Walter Campbell

Creative Futures Revisited: Walter Campbell

For almost 30 years, Creative Review ran a scheme called Creative Futures, celebrating the best and brightest new talent entering the industry. Here, we talk to 1992 almunus Walter Campbell about how his career has progressed in the years since

In 1990, pirate radio station Kiss had been granted its official licence to broadcast legally. It was a big moment, and it needed an impactful launch to go with it. “Everybody asked the same question: ‘What music are you going to put on it?’” recalls creative director Walter Campbell. He and creative partner Tom Carty were pitching with BBDO against London’s other heavyweight agencies and knew the idea had to stand out to “dislodge” the competitors. Since Kiss FM was home to a range of genres, he realised it would likely be difficult for the station to agree as to what kind of music would best represent the station, particularly at this pivotal stage. Campbell’s solution? Don’t use any music at all.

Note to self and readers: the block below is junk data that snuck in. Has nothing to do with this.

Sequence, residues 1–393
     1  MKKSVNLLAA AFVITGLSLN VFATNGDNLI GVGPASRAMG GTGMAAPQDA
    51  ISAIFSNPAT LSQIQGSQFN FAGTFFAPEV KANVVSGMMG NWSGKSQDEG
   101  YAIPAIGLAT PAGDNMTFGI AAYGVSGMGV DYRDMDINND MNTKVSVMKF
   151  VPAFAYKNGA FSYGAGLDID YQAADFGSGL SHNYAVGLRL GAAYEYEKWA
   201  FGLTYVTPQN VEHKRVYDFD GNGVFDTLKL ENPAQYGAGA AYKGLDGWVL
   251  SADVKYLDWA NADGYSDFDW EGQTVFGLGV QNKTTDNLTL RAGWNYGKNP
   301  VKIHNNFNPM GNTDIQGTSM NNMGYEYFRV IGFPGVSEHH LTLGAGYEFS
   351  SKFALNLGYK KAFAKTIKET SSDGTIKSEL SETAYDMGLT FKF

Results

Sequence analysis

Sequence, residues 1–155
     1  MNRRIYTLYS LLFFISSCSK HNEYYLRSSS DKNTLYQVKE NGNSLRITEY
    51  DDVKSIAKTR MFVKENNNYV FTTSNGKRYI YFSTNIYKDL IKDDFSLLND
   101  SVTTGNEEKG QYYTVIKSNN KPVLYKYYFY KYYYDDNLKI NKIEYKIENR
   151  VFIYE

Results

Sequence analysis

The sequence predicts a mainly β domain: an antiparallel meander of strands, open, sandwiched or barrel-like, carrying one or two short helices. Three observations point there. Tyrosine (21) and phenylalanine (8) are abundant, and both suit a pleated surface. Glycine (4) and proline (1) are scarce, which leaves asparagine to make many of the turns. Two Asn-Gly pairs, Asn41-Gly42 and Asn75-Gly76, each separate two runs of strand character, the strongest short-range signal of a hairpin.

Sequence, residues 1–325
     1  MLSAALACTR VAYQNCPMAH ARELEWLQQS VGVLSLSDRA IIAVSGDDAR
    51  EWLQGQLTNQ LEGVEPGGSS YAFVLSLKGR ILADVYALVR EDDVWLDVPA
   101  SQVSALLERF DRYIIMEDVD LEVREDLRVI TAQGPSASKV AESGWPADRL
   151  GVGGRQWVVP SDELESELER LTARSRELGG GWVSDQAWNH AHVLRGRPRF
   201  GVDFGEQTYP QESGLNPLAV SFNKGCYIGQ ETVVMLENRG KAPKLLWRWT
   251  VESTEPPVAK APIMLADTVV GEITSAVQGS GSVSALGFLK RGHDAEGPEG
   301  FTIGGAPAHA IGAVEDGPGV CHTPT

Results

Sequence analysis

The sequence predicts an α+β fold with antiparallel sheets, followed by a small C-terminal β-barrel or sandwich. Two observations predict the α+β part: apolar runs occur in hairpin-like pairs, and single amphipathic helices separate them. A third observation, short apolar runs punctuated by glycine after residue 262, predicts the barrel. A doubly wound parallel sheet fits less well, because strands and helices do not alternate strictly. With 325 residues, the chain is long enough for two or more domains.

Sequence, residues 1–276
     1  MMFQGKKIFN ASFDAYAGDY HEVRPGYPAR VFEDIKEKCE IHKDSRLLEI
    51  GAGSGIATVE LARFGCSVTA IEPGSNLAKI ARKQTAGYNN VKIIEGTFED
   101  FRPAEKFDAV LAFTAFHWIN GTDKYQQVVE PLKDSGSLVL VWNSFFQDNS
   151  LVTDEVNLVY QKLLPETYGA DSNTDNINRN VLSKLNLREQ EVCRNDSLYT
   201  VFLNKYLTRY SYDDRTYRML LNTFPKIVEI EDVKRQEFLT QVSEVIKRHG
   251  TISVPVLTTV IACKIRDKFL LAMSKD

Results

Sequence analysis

Around the time he was pitching for that spot, Campbell was weighing up saving for a car or buying a Sony video camera. He went with the camera. It was a worthy investment since it allowed him to go into presentations with the ideas already shot, something he believes helped him win the work.

Directed by Patricia Murphy, the resulting spot showed clips of people dancing silently before an instruction appeared: ‘Find out what they’re dancing to. Tune your radio to 100 FM.’ The line featured on the side of trucks that had transparent walls showing people dancing inside, which toured around London as part of the launch. It was clearly working: “You could see people changing their radio stations in their cars,” Campbell says. In just a few months, Kiss FM smashed through its yearly listener targets.

“That’s one of the best-selling thoughts I’ve had,” reflects Campbell. While he says people consider him to be someone who “likes to do these flights of fancy”, turning a message into results is a genuine goal, something he’d been honing since his early days selling pots and pans on a market stall – an experience that taught him “the importance of stopping people”.